Beginning about the turn of the new millennium, Black Nativity became the stuff of Monmouth County tradition, when Darrell Lawrence Willis Sr. first presented its “powerful message of joy, hope, victory and liberation” at Manasquan’s landmark Algonquin Theatre, in a staging by Dunbar Repertory Company, the producer-director’s grassroots troupe dedicated to presenting the works of African American playwrights. Re-emerging at the Count Basie Theatre in 2010 (where Willis, a now-retired faculty member at Brookdale Community College, has served as a board member for ten years), the production quickly staked out a place as a year-end centerpiece of community life for performing artists and church congregations from all around Monmouth. Following a one-year hiatus, Black Nativity returns to the Basie stage this Sunday afternoon, December 27, for its fifth Red Bank appearance — a re-energized and highly anticipated extension of the Yueltide season, about which Willis found time to chat with redbankgreen.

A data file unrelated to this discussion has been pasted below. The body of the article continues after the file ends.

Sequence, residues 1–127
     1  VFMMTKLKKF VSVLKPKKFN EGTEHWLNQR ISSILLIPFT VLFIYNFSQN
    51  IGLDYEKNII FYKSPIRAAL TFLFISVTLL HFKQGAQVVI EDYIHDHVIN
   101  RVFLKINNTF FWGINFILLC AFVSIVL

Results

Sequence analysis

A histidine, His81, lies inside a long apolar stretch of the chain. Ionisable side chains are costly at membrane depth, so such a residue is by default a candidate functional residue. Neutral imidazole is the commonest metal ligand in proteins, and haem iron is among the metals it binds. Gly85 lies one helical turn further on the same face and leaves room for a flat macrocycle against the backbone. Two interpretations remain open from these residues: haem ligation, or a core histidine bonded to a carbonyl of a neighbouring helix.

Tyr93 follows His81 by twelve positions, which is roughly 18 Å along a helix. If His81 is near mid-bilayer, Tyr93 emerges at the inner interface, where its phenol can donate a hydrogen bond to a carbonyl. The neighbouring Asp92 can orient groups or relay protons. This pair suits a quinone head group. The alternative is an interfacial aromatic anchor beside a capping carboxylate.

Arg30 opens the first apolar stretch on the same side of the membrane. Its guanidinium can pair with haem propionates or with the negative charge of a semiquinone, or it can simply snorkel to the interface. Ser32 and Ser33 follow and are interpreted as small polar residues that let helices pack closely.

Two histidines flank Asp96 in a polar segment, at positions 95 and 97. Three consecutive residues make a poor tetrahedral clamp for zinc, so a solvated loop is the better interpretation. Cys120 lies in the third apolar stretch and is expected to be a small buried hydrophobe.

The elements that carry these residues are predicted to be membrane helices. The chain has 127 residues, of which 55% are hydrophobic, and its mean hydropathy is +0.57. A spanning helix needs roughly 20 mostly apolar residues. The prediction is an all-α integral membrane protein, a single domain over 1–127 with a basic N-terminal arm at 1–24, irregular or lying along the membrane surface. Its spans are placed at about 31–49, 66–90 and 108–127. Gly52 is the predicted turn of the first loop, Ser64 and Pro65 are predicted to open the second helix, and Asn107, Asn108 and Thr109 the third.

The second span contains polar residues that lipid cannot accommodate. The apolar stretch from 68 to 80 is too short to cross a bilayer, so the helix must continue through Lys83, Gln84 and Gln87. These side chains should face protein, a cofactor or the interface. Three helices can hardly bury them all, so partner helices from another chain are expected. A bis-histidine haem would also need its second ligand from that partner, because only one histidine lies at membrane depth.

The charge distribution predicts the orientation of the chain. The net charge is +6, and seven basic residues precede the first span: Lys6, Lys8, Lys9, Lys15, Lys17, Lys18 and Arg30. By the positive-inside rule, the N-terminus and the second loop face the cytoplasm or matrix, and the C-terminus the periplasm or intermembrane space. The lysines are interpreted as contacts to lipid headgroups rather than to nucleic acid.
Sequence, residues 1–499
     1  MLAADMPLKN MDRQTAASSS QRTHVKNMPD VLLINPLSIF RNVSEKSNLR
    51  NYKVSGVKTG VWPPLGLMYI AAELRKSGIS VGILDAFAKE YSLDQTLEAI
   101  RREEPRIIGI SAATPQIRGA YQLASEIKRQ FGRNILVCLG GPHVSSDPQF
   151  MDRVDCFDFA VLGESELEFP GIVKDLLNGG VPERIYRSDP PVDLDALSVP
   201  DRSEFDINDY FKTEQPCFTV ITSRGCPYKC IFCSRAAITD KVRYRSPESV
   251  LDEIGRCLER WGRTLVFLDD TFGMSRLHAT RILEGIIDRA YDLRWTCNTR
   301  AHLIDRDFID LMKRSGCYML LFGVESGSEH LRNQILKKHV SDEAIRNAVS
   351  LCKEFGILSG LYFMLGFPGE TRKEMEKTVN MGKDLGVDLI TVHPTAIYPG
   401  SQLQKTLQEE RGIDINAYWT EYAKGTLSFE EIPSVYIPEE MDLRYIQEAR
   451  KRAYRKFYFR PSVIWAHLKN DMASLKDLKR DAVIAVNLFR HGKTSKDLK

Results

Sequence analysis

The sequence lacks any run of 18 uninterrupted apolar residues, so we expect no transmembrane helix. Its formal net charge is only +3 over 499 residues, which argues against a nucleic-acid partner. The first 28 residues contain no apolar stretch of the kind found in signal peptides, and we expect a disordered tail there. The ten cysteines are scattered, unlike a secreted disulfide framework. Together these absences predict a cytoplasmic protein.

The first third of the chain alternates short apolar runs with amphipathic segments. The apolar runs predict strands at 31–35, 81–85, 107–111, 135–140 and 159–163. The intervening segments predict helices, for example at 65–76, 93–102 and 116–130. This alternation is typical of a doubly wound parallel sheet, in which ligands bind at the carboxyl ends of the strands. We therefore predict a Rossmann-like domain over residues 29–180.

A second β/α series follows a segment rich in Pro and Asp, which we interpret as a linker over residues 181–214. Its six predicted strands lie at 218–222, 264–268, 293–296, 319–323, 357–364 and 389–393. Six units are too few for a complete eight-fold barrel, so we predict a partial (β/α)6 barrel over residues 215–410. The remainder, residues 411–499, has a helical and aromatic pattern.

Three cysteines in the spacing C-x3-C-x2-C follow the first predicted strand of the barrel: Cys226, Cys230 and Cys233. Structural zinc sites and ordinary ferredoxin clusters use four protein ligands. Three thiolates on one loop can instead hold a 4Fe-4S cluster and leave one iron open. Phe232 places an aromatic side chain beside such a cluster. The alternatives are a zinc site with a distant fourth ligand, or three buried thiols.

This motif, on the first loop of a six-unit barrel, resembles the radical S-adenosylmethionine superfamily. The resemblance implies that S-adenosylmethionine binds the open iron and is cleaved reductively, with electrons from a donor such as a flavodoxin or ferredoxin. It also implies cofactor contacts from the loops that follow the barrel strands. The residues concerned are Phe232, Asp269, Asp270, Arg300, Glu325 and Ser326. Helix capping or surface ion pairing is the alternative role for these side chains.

Those in the know count the upstairs rehearsal room as another cool space at the Basie. Below, Lorraine “The Wisdomkeeper” Stone. (Photo by John T. Ward. Click to enlarge)
Observers of the Red Bank arts scene could tell you that some of the most interesting stuff often happens one flight above street level (think of a place like McKay Imaging Gallery) — and the same notion applies to the Count Basie Theatre, where the landmark building’s second-floor “Studio 99” rehearsal space represents a hidden-in-plain-sight venue for events that are intimately scaled in relation to the venerable venue’s famous auditorium.
It’s a place that’s hosted past offerings from Dunbar Repertory Company, the African American community stage troupe founded by Brookdale Community College faculty member (and participant on the Basie board) Darrell Lawrence Willis Sr. This Sunday, Studio 99 presents the first of three “professional staged reading” theatrical presentations from the Dunbar fold in spring 2015.
Dunbar Repertory Company presents Gail Wynn Huland El’s “dark comedy” GREEN HONEY LOVE in the Count Basie Theatre’s second-floor rehearsal space beginning tonight.
By TOM CHESEK